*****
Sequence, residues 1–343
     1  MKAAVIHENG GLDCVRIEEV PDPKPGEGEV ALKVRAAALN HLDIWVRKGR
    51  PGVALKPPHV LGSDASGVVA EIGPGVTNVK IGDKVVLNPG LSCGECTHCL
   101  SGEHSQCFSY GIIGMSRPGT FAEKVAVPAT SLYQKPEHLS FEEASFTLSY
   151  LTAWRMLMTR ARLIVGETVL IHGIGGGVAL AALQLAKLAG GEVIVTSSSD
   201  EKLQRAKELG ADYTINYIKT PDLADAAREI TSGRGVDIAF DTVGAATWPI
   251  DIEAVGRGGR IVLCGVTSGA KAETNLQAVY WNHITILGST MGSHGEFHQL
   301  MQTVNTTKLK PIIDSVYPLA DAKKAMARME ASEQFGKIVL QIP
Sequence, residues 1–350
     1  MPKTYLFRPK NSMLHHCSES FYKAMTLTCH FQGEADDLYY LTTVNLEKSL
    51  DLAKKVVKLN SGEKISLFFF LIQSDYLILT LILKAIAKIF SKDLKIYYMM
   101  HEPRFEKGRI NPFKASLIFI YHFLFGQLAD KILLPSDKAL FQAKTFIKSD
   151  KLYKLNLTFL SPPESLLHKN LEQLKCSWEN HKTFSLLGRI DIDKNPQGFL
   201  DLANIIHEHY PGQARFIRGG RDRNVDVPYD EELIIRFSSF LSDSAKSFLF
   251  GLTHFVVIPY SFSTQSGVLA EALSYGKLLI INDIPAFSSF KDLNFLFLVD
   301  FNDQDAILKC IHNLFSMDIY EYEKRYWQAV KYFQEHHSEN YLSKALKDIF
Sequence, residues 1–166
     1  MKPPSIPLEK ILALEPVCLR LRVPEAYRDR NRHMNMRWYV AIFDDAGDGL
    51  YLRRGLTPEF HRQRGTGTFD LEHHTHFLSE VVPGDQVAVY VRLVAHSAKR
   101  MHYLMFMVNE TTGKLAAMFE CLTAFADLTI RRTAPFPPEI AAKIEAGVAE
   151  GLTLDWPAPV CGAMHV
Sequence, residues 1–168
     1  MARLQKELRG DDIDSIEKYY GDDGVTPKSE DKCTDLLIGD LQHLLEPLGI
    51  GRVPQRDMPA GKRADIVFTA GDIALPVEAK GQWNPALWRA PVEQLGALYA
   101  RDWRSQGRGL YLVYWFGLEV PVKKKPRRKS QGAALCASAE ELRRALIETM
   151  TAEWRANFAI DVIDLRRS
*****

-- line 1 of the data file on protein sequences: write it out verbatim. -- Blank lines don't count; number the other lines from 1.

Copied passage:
Sequence, residues 1–343